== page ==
Aram Rawf, a Kurdish refugee who fled Iraq in 1999, became the first asylum seeker to join St. John Ambulance in a bid to "say thank you to my community".
When Aram arrived in the UK as a 17-year-old minor seeking asylum, he didn't know what to expect from this new and strange country. He was alone, having arrived in Dover in the back of a lorry. Little did he know that seven years later he would be recognised as the first asylum seeker to join St. John Ambulance, a British NGO that teaches and carries out first aid.
Aram sees this as his greatest contribution to British society. He told MEMO that prior to receiving the recognition, he didn't know he was the first refugee to join the organisation. He explains that he decided to volunteer in order to "save people's lives", which he sees as "my way to say thank you to the community for saving me from being deported".
In 2006 Aram faced deportation after British immigration authorities detained him. His case had become caught in an administrative backlog, but his discovery threatened to see him returned to Iraq, by now ravaged by war following the US-led invasion of 2003. Aram had been forced to flee when he was imprisoned for two months for refusing to become a suicide bomber. He was interrogated and threatened with death if he didn't cooperate.
When British authorities looked likely to serve his deportation, a huge media campaign by the local community succeeded in raising awareness of his plight and having the decision overturned. In 2008, Aram was given indefinite leave to remain and permission to work in the UK.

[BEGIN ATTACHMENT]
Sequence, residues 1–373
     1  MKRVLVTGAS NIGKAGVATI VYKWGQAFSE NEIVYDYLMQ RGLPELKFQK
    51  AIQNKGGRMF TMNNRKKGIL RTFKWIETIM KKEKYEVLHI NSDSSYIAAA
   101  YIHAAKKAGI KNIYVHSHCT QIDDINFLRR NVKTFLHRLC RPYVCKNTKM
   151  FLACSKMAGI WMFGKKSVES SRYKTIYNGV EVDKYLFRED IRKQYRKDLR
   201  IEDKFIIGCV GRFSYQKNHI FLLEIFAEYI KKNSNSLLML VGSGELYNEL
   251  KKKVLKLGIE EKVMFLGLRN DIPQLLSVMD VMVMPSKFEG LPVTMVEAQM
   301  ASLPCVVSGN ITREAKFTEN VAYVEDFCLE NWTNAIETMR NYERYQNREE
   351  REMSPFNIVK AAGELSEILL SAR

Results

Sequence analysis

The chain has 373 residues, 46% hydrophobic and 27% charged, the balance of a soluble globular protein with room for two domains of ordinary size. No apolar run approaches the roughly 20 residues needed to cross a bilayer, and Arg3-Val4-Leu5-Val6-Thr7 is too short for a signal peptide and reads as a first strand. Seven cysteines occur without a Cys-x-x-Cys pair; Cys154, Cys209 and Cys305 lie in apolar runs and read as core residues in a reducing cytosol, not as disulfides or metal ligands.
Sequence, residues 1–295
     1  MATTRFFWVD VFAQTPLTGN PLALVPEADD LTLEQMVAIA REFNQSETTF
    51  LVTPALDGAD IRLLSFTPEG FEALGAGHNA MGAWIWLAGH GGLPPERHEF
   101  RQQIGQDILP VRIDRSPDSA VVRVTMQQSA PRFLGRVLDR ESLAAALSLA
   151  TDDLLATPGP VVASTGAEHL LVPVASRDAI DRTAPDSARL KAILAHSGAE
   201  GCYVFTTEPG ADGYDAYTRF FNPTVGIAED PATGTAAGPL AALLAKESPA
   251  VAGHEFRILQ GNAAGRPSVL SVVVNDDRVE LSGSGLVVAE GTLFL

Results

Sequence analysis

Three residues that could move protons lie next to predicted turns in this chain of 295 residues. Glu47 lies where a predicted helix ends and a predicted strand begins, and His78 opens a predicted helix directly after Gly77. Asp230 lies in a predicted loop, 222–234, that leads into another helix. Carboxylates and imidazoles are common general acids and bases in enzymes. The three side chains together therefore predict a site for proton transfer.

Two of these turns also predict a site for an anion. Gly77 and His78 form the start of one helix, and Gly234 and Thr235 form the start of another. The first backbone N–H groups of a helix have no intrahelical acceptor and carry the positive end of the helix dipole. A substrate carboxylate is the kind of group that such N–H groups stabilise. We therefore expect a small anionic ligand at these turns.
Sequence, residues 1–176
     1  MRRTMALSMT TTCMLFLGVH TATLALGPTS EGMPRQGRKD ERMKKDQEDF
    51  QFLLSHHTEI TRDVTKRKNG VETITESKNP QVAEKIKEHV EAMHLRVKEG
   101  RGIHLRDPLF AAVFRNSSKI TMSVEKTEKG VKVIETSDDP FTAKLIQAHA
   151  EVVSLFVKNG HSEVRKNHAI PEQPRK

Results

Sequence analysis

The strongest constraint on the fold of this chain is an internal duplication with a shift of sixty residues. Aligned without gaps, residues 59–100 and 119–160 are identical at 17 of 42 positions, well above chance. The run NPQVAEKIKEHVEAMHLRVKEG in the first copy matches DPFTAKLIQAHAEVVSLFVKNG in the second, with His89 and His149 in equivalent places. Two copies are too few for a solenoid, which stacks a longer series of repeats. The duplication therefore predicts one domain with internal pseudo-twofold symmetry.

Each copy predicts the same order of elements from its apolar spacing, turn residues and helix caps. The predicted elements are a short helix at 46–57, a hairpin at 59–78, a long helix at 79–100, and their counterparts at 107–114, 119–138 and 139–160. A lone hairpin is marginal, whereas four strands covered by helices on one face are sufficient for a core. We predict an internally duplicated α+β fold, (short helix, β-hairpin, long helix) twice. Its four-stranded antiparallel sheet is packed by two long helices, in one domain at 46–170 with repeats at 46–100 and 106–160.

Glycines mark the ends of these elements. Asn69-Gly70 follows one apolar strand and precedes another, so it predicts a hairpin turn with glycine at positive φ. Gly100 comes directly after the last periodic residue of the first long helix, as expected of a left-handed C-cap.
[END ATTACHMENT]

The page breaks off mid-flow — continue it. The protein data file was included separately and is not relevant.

Since then, he hasn't looked back. Although Aram describes himself as a "former asylum seeker", he emphasises that "I always say I'm British and proud to be British". Aram has become a central figure in his community, working as a hotel manager in Kent, in the south of the UK, and running for election in the Kent County Council elections in 2017. Aram came second, beating the local far-right and anti-immigration UKIP candidate.
Aram believes that his origins as an asylum seeker have never held him back, saying that "it is actually nice that many articles about me have shown not just what I went through before I arrived in the UK, but that I am now a manager of a busy hotel. It's great when I walk into town and people stop to talk to me or come over and introduce themselves".
Asked what he would like people to know about being a refugee, he explains that:
Being a refugee isn't easy. Not only do you have to learn a different culture and language but you also have to adapt to many things in your new life. Not many people succeed in all this easily. I have been lucky to preserve positive aspects from my own culture and learn new aspects of British culture, and try to use this to my own benefit and that of those around me.
As Refugee Week marks its 20th anniversary this week, Aram is one of thousands of asylum seekers in the UK and beyond who make a positive contribution to their new home societies. Asked which of Refugee Week's #SimpleActs he would choose to challenge peoples' perceptions of refugees, Aram chose number 15, "spread the word". Refugee Week believes that "it's through conversations and sharing experiences that movements begin to grow". Aram's story is just one part of a wider conversation.